My husband and I, along with a few of our good friends, arrived a little early for our 1:15pm tour. We booked online ahead of time, but you can also show up the day of and generally there are spots available. If you have a large group, though, I recommend reserving ahead of time.
You do not get tastings on the tour, so it’s best to order something to carry with you from the tasting room. We had some time, and decided to order a flight of Left Hand’s dark beers: Milk Stout, Milk Stout Nitro, BlackJack Porter and Wake Up Dead Imperial Stout. I’m a big fan of dark beers, with their hints of fruit, chocolate and coffee (depending on the mixture). They have a smooth consistency and a flavor that isn’t too abrupt. The only downside: they tend to be heavier and therefore you get full faster. If you want to taste a few more beers, a small tasting of these is all you need, so you can leave room for more hoppy goodness.
I quickly ordered a pint of Left Hand’s award-winning, flagship beer Sawtooth—a deliciously crisp amber ale—and then our tour began. Our guide started in the tasting room and gave us the history of the brewery (which you’ve already read about), and then we headed behind the scenes.
We visited the CIP (Clean in Place) room where they clean every tank in the brewery from one location. They clean every single tank between every single batch, because they don’t want the flavor or color of one beer to leach in and ruin the taste or color of the next beer.
Outside is the grain silo, housing all of their two-row malted barley, as well as the fermentation tanks, which are 480 barrels or 960 kegs, and they have 12 tanks—a ton of beer!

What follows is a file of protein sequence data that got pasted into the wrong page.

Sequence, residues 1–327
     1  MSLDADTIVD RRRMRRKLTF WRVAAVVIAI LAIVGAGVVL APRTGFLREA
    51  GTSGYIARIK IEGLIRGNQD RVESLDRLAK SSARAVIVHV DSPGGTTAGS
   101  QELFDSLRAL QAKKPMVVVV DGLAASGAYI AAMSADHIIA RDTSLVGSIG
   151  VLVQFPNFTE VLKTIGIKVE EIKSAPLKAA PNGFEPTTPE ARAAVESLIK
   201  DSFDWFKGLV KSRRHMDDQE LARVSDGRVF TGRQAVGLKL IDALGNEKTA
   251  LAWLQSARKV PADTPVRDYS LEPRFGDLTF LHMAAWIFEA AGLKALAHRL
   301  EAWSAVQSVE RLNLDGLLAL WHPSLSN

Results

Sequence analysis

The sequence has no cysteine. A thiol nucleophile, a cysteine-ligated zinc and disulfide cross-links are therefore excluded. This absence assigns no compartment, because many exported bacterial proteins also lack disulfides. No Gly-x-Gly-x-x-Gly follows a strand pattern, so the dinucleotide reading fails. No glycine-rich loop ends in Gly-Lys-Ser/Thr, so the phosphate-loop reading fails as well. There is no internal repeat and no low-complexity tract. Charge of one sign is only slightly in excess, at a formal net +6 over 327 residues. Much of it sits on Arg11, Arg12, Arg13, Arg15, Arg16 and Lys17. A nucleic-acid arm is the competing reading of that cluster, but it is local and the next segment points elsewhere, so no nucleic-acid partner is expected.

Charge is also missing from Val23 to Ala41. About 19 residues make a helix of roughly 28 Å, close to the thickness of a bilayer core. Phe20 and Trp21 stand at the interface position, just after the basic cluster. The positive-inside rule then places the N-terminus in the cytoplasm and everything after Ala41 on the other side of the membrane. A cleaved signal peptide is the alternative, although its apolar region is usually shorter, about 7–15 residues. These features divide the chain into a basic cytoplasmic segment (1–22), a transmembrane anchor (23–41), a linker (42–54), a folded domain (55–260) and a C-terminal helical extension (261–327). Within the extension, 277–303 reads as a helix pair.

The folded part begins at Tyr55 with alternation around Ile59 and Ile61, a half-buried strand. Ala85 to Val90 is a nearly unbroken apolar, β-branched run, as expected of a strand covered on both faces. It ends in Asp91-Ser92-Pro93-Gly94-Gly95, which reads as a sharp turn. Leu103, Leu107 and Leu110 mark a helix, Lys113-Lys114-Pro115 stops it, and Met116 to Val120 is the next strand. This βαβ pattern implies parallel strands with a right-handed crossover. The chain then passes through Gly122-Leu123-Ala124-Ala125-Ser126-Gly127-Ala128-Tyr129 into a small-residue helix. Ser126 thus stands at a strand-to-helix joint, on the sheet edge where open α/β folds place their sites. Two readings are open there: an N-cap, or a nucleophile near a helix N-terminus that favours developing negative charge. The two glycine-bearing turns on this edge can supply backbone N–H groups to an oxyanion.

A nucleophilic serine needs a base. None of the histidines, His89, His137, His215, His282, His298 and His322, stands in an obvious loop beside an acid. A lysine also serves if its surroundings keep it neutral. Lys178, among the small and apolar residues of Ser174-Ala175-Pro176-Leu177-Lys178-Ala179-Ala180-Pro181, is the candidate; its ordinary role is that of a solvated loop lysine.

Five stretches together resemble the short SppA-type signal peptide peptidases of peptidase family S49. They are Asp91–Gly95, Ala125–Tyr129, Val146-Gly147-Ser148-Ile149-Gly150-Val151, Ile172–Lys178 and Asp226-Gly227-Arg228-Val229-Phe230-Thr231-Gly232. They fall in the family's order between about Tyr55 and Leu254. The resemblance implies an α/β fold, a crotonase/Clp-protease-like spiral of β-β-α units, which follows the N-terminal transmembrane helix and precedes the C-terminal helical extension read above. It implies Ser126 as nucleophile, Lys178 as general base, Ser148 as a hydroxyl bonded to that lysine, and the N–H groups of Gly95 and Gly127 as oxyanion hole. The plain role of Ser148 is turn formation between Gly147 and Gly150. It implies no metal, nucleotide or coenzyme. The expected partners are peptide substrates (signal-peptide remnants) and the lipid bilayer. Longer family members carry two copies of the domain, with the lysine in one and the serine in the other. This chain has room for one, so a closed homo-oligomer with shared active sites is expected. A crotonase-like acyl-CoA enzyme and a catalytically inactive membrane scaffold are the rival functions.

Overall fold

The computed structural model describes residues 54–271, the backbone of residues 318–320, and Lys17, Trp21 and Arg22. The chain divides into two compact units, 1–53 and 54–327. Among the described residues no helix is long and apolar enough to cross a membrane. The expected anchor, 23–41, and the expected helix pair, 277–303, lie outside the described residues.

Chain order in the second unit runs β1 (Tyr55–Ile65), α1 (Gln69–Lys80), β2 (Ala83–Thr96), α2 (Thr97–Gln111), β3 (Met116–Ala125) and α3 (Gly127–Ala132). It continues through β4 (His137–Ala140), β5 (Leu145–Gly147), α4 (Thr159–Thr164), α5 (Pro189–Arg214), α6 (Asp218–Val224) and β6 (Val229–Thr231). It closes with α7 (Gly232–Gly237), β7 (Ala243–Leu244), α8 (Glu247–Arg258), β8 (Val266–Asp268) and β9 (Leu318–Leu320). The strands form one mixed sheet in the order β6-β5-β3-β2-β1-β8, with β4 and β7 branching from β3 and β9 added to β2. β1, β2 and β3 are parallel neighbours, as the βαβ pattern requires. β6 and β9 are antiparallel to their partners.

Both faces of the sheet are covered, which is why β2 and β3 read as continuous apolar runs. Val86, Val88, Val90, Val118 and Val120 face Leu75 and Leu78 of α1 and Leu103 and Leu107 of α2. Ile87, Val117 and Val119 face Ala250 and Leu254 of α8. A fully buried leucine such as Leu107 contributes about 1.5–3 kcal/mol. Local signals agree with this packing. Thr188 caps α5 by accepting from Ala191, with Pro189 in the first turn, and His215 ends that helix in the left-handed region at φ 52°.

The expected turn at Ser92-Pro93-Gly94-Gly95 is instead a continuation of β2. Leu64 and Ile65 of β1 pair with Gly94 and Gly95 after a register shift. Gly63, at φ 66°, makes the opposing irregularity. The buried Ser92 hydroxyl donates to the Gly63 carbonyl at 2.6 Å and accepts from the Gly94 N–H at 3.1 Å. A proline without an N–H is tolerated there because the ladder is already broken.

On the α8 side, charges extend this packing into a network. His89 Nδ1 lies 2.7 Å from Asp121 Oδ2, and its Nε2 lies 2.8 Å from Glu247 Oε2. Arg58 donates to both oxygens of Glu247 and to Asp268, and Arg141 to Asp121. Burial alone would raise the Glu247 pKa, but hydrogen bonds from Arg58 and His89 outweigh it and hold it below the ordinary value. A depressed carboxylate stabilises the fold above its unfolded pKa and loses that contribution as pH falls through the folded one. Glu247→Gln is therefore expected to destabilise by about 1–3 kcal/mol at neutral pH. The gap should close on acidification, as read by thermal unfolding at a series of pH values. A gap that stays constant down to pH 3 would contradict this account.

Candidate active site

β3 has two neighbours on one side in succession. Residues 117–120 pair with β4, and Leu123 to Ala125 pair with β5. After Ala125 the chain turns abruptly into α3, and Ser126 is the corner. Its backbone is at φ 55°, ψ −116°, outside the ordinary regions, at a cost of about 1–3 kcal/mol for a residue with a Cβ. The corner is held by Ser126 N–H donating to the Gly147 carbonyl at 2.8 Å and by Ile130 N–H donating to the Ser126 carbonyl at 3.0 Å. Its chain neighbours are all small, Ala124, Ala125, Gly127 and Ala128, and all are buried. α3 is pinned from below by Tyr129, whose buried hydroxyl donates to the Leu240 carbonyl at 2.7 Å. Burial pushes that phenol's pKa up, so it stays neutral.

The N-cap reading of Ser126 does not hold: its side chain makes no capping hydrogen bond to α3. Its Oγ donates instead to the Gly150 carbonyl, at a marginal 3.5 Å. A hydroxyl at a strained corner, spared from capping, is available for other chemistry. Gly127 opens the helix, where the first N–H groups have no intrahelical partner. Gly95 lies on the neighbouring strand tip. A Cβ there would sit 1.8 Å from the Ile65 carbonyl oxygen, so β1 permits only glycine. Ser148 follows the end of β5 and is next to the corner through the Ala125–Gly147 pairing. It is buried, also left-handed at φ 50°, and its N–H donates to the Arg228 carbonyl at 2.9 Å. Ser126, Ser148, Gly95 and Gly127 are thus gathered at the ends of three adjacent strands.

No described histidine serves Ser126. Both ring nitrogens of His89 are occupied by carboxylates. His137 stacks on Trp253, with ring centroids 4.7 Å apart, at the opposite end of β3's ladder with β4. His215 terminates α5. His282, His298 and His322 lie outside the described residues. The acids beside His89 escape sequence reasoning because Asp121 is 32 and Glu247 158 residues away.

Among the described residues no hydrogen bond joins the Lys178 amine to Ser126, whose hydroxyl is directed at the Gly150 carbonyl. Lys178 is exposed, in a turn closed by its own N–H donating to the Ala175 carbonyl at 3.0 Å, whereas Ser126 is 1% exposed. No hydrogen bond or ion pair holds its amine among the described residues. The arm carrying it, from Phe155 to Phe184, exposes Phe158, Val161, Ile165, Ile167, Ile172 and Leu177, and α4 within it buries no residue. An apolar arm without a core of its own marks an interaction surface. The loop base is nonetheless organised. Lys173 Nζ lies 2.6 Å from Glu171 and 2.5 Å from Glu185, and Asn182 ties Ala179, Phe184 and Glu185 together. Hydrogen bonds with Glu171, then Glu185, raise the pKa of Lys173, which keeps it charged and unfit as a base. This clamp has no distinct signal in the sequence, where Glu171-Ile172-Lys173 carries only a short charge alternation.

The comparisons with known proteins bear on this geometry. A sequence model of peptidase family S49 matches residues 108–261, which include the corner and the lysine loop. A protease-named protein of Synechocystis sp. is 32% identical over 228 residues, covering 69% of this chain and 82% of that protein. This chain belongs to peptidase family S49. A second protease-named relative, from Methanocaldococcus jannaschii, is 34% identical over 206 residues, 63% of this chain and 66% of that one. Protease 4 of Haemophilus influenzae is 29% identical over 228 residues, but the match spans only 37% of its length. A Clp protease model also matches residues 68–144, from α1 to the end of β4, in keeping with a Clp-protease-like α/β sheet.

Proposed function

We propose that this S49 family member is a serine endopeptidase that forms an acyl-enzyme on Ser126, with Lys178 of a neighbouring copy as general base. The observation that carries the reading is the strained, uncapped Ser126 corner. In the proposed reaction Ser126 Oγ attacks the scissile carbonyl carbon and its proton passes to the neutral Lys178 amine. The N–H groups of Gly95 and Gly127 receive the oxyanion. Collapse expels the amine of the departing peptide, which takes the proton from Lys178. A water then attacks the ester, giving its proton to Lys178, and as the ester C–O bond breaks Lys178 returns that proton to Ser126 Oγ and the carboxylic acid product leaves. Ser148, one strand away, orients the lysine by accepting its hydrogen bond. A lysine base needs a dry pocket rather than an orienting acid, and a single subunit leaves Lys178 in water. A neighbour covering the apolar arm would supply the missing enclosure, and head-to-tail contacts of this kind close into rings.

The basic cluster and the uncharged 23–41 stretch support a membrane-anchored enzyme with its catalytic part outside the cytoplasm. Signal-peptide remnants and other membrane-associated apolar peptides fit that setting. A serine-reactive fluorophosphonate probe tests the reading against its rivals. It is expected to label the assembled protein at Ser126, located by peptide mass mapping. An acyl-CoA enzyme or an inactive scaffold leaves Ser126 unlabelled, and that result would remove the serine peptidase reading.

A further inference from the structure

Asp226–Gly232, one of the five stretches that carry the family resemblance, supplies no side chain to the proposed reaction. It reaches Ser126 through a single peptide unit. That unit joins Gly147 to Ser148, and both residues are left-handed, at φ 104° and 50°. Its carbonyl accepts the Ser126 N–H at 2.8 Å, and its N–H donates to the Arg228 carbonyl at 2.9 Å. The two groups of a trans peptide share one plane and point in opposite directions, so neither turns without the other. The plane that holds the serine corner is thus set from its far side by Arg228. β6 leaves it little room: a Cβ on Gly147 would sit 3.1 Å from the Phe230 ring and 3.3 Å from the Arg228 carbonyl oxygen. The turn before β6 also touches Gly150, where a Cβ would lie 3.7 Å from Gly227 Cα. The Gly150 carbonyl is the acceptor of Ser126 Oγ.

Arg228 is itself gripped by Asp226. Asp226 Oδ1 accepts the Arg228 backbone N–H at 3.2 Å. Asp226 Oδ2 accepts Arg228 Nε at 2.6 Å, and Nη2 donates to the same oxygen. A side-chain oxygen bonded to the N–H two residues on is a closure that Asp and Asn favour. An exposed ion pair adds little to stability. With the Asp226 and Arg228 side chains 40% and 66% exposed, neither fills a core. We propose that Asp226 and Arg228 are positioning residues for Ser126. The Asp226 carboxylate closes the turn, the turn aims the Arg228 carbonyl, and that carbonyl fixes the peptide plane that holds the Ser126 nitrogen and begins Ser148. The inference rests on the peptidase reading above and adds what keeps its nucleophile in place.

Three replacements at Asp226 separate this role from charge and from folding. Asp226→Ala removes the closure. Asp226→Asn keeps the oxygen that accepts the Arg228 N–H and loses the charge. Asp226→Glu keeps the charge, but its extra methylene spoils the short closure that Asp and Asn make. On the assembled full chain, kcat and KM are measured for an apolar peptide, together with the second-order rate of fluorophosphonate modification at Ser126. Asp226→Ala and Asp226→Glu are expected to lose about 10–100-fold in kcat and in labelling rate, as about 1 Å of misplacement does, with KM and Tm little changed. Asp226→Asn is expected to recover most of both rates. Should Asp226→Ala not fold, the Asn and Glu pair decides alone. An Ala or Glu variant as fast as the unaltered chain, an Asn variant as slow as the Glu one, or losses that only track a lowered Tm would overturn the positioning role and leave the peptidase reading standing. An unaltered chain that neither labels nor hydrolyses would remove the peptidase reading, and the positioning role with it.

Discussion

The tour then heads into the brew house where all the magic happens. The guide will explain the beer brewing process, which is pretty much the same spiel at any brewery, so I won’t bore you with the scientific side of it. The final stop is the packaging hall. When you walk in you’ll see some artwork created from Left Hand bottle caps and labels, which I would totally buy if they were available for purchase. It’s okay, though, inspirations for my own future beer cap art projects.
During the week, tours will actually see production in action, the bottles zooming by on the conveyor belt and the pallets being wrapped in cellophane. On Saturday, production is shut down, so if you want to see it, visit Monday-Friday. But it should be noted that it can be very loud in the packaging hall, so if you’re worried about hearing your guide, the weekend is your best option.
Even if you’ve taken a tour of Left Hand or you’re not interested in the beer-making process (just drinking it), it’s worth coming back again and again to try the exclusive pilots they have on tap. The beauty of being a craft brewery is they can test out all kinds of varieties, and let you, the consumer, try them out and give your opinion. A pilot will stay on tap for different lengths of time, depending on its popularity, and even if it shows promise, there’s no guarantee it will become a full-production beer. Let’s face it, if all pilots became perennials or seasonal beers, then they couldn’t say they have beers that are “tasting room only.”
In 2015, Left Hand produced just shy of 85,000 barrels, or 170,000 kegs. The brewery anticipates producing even more in 2016, and when they hit the next barrelage goal, they are fully prepared to expand to handle the demand. I, for one, am excited to see what the future of Left Hand holds.